Many of us might be dreaming about cruising in Southeast Alaska this summer, but how many of us have thought through all of the logistics and challenges of legally passing through Canadian waters during an on-going Covid pandemic?

Currently, foreign-flagged vessels may not enter Canadian waters for the purpose of touring, sightseeing, or pleasure fishing. CBSA (Canada Border Services Agency) does say that foreign vessels “may still navigate through international or Canadian waters while in transit directly from one place outside Canada to another place outside Canada if the transit is direct, continuous/uninterrupted, and by the most reasonable route.”

There are two documented procedures for traveling between U.S. locations on either side of British Columbia waters – Pass-Thru allows boats to navigate through Canadian waters non-stop; no anchoring or stopping for fuel or provisions. Pass-Thru is normally used by commercial vessels such as tugboats and commercial fish boats that routinely travel between Washington State and Alaska. Pass-Thru requires traveling at night, which brings a number of additional challenges beyond the scope of most pleasure vessels. Transit-Through passage allows boats to navigate through Canadian waters with certain restrictions and conditions. Boats traveling through B.C. waters on Transit-Through are required to clear CBSA customs at one of the designated ports of entry. Clearance permits the vessel to travel through B.C. waters by the most reasonable direct route in an expeditious manner. This article discusses the Transit-Through procedures.

While the Transit-Through procedure is documented by Canadian Border Services for transiting between U.S. locations on either side of British Columbia, doing so has pitfalls; and for many boaters, it may not be practical. The need to cruise long distances for long hours requires an experienced crew. Trawler speed vessels will need a week of motoring or sailing, and won’t have the option to stop and relax for consecutive days. It is 600 nautical miles from Victoria to Ketchikan. Traveling 10 hours a day at 8 knots (80 miles per day), it will take a minimum of 8 days to Transit-Through B.C. waters, the area limited to no unnecessary stops. Factoring in time for rapids, current, or unfavorable weather conditions will also increase the trip’s duration. Piloting for long extended hours means each crew member will need to spell their mate(s) for needed rest while underway, and each member must have good piloting skills and navigation skills.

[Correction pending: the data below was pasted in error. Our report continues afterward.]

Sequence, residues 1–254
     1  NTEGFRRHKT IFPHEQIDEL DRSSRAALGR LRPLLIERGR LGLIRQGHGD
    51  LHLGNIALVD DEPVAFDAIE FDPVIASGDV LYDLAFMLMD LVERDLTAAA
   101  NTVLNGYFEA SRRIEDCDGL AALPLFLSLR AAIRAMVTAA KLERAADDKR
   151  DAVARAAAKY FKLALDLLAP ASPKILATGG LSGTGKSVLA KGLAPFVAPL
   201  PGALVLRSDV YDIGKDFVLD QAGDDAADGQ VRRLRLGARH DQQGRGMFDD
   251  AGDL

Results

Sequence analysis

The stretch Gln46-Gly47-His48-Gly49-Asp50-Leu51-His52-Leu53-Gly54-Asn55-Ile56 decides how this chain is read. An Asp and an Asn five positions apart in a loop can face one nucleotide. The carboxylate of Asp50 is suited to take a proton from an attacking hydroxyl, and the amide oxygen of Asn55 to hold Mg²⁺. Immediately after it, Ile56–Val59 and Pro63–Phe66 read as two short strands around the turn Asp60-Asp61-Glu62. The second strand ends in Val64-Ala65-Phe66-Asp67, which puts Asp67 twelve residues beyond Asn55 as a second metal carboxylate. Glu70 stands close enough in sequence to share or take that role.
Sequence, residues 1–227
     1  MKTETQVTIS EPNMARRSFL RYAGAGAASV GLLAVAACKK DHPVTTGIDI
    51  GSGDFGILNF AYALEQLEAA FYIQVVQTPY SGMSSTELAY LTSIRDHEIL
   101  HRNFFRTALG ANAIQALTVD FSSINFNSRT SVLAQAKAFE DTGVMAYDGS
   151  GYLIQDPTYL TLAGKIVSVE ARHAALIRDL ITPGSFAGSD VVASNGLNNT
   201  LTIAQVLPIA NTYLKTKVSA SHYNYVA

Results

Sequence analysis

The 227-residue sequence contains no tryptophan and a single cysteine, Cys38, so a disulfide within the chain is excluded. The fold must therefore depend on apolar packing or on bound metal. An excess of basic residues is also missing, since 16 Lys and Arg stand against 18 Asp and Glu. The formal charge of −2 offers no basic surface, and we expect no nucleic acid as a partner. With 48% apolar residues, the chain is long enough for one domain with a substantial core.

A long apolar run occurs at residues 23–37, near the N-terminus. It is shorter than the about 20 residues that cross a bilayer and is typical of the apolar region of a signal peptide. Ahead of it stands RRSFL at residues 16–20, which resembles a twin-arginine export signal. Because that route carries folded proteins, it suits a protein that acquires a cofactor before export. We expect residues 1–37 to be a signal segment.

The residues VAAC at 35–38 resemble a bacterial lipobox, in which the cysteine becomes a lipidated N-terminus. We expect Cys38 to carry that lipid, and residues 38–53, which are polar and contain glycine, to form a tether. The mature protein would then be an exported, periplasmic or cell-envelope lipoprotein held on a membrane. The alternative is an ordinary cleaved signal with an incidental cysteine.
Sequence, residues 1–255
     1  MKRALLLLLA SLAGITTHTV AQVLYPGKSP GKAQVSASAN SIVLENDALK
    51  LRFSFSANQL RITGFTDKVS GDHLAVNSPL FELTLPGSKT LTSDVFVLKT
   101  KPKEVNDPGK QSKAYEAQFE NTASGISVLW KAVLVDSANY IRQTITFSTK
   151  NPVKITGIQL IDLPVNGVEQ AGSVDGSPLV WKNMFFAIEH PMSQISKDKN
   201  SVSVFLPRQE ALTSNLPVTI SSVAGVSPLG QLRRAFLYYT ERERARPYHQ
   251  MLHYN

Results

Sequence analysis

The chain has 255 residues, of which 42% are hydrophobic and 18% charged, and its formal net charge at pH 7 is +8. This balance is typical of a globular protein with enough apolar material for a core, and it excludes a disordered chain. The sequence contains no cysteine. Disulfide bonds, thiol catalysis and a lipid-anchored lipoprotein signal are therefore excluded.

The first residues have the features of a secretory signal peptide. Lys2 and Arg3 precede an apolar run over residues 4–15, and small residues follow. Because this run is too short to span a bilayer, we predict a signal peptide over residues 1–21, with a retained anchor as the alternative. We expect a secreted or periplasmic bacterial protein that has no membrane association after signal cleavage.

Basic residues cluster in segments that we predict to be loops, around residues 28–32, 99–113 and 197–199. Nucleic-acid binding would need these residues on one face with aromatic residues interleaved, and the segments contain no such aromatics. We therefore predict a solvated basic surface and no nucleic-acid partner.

The boat, too, needs to be capable of running for long hours. If the vessel has not been well maintained, or important systems have been neglected, a mechanical breakdown is likely and will cause further complications. It is imperative to have basic mechanical skills to make repairs on your vessel if needed. Carrying spare parts and knowing how to install or changeout parts becomes even more important during Covid restrictions. Finding and gaining access to emergency services and boatyards for repairs at communities where you may not be welcome will only cause additional grief and challenges.

The harsh reality is that a Transit-Through Canadian waters needs to be done expeditiously, with no unnecessary stops along the way. Weather may be a constant challenge; you won’t always be able to wait for those perfect flat, calm seas. You and your boat will need to be comfortable handling seas that are less than perfect, or even rough at times. Anchoring for the night due to dangerous conditions or to rest is allowed. Anchoring can add an hour at the beginning and end of each day, possibly stretching your 10-hour day into a 12-hour day. When anchoring, stay aboard your vessel, no going ashore; that includes not going ashore with your pet. If your dog needs regular trips ashore, a Transit-Through is not for you.